High-speed Internet from Outer Space

High-speed Internet from Outer Space

2019, Technology  -   1 Comment
Ratings: 6.10/10 from 31 users.

High-speed internet access is now considered an essential tool for people of all ages. The technology allows users to explore and experience the world, seek knowledge that once eluded them, propel their businesses to new financial heights, and communicate easily with family, friends and associates. Much of the globe is successfully meeting the need for this technology, but Germany has fallen behind. To remedy this deficiency, the country is looking to the stars.

An army of satellites will soon circle around our planet in the hopes of achieving full connectivity for the world. Could this provide a solution for countries like Germany?

Germany is certainly not alone in this predicament. In fact, over three billion people are currently living lives of digital disconnection. The film reveals why this might be so, and how best to combat it.

A team of engineers monitor the signal strength of tens of millions of mobile device users. This illustrates the regions that enjoy the strongest connections and the networks responsible for them. They determine the portions that are lacking strong networks; in some cases, the signals they can tap into from Switzerland are more robust than their own home country. This isn't just a question of providing access to email and online games. It could restrict a user's ability to reach out for help in an emergency.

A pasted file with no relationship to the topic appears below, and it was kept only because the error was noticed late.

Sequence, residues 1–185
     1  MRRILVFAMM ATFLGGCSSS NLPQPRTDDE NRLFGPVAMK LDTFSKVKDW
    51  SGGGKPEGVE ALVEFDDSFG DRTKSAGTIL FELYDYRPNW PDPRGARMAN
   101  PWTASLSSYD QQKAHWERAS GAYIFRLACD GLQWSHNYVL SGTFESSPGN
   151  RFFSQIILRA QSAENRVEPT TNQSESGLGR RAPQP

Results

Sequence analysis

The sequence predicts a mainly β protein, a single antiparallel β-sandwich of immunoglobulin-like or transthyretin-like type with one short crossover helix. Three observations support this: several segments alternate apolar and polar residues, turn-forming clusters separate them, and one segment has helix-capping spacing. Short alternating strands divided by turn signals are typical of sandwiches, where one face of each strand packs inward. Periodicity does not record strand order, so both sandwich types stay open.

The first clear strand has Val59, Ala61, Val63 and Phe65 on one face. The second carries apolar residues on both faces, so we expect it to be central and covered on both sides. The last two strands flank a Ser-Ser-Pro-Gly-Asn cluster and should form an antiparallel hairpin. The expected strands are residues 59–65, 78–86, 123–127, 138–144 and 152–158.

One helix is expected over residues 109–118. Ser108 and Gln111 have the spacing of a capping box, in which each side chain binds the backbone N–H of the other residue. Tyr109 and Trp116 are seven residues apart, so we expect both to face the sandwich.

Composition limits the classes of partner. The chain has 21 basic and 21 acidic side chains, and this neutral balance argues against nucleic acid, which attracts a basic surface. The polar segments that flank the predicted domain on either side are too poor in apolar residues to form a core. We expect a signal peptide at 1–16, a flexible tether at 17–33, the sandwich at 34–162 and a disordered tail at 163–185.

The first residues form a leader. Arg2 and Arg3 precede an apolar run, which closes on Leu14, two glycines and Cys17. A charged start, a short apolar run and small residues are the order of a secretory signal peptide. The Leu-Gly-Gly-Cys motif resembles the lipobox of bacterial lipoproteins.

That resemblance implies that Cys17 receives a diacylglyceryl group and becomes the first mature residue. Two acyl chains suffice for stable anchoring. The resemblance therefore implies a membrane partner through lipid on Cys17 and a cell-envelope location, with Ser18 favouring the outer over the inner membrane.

It is hoped than low orbit satellites from the likes of OneWeb, Google/SpaceX and Blue Origin might provide the solution. This plan is not without its unique challenges. The satellites need to hover close to the planetary surface in order to achieve real-time connectivity without lapses, and thousands need be needed to service the entire globe. This has inspired great concerns over production, not to mention the possibilities of satellite destruction from space debris. In addition, the satellites would have to be discarded into orbit and replaced every five to twenty-five years.

The filmmakers take us inside the labs where these challenges are being addressed. We see the engineers at work as they brainstorm new technologies and discuss factors like traffic control. Meanwhile, activists address the need for free internet access across the globe. For them, in this interconnected world, it's become a basic human right.

Directed by: John A. Kantara

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Rick Tilley
Rick Tilley
3 years ago

re propaganda that is shoved up the ass of every mfr on this planet , just like the covid scamdemic....wtfu